Jay-Z and Me: A Fast-talking Memoir
Impressive mastery of Hova's verses fails to disguise empty plot at Edinburgh Festival Fringe
This article is from 2014.
60-year-old New Yorker Brenda Cullerton is a massive Jay-Z fan. Forced to attend his concerts alone (her husband isn’t a hip hop fan; her children are too embarrassed), she stands in awe of the man whose love of words equals her own, and whose self-aggrandising persona challenges her own stick-to-the-shadows career as a ghostwriter. It’s a lovely little story but, aside from a few essential plot points best learned at the show, there isn’t a whole lot more to it than that.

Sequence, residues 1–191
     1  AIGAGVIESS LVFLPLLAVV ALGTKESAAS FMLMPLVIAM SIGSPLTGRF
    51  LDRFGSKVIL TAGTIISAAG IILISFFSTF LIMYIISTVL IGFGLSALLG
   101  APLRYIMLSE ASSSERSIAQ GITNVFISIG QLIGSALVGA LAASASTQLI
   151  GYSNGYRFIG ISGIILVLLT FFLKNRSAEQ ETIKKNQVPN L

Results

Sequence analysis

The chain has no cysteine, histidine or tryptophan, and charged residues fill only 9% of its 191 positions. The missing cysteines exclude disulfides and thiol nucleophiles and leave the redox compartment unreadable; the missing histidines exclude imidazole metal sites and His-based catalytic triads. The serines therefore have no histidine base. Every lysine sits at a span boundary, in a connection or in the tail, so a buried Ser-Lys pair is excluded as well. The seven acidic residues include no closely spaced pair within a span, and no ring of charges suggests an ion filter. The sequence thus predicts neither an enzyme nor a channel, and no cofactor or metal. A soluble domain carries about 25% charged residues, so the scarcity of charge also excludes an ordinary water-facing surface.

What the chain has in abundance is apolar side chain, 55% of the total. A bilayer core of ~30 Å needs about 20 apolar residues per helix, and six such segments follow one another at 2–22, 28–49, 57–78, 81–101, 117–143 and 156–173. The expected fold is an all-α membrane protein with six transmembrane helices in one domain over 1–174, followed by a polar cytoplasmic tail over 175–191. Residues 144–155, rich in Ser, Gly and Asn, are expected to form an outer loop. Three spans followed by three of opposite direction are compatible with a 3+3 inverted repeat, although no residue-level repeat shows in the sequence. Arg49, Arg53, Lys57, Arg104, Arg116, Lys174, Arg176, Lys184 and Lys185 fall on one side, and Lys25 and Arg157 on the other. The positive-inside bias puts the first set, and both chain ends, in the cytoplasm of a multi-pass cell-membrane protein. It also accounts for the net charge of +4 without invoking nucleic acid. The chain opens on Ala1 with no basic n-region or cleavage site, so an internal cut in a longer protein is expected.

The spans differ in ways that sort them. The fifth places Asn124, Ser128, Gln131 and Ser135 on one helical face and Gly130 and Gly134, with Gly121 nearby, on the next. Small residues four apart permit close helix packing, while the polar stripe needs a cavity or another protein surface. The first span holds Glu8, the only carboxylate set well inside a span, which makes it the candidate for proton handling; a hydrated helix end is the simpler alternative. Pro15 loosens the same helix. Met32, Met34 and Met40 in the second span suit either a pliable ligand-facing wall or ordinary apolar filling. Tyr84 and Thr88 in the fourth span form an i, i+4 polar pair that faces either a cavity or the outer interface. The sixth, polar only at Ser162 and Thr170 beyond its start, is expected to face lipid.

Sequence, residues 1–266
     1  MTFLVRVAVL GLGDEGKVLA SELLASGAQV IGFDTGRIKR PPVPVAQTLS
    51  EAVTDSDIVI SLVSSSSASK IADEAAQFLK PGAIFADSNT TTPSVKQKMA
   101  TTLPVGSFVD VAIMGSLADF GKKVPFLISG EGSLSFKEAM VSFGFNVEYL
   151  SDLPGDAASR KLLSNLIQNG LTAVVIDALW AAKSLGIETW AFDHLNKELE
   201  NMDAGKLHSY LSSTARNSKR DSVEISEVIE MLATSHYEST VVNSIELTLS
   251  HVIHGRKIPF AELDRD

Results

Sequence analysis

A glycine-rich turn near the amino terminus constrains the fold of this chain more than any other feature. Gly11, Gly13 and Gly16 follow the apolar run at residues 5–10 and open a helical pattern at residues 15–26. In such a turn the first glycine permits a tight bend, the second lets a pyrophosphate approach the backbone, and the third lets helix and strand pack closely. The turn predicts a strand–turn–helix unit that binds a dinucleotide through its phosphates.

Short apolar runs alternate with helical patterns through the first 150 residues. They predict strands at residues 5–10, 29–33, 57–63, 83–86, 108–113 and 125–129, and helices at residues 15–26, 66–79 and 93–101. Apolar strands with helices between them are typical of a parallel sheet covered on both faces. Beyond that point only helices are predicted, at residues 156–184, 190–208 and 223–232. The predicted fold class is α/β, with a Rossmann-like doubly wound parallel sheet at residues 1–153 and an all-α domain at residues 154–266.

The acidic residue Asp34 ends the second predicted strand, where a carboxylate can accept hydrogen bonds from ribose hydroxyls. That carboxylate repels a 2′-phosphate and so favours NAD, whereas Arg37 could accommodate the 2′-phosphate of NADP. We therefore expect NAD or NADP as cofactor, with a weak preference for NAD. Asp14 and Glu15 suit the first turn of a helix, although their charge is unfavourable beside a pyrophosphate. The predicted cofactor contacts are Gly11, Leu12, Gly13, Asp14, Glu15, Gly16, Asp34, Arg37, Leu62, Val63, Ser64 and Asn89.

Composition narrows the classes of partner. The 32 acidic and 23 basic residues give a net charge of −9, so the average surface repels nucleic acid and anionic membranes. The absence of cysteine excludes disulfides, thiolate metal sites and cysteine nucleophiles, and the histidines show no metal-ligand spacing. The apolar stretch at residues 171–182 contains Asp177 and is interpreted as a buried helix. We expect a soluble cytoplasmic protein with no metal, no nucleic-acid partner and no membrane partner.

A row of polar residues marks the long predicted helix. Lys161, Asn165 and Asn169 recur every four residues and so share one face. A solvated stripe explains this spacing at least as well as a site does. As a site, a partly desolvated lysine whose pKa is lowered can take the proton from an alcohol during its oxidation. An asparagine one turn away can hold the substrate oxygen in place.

Cullerton pads out her central Jay-Z anecdote with autobiographical details intended to add depth to her own character: her disastrous driving lessons; her proud non-ownership of a phone; her dislike of New York’s hipsterish Williamsburg borough. Thing is, these stories are only marginally interesting on their own merits; when told alongside the Jay-Z story, they’re just plain irrelevant.
Cullerton seems like a nice enough lady – aside from being a bit smug about the phone thing, she pumps a lot of energy into her storytelling, and her mastery of Hova’s verses is impressive. However, once you’ve got over an old white lady spitting rap verses, there’s very little here to keep you engaged.
Sweet Grassmarket, 243 3596, until 17 Aug (not 11), 4.40pm, £8 (£7).